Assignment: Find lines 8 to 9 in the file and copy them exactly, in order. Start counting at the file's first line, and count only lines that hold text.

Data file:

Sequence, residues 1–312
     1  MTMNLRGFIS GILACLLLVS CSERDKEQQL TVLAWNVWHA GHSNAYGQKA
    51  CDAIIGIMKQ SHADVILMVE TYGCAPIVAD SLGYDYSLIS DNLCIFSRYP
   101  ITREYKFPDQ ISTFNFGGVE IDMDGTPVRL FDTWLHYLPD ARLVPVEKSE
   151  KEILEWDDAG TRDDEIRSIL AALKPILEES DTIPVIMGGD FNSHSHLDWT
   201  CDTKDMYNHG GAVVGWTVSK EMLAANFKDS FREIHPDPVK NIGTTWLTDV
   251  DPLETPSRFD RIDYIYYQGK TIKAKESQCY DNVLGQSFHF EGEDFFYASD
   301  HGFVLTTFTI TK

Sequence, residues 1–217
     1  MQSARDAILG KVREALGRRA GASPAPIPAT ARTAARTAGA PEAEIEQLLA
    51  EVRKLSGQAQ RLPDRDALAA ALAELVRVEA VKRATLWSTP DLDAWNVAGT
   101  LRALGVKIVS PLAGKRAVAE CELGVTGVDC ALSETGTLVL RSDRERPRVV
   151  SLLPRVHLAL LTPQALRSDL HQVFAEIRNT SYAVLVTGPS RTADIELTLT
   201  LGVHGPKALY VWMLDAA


   301  HGFVLTTFTI TK

Sequence, residues 1–217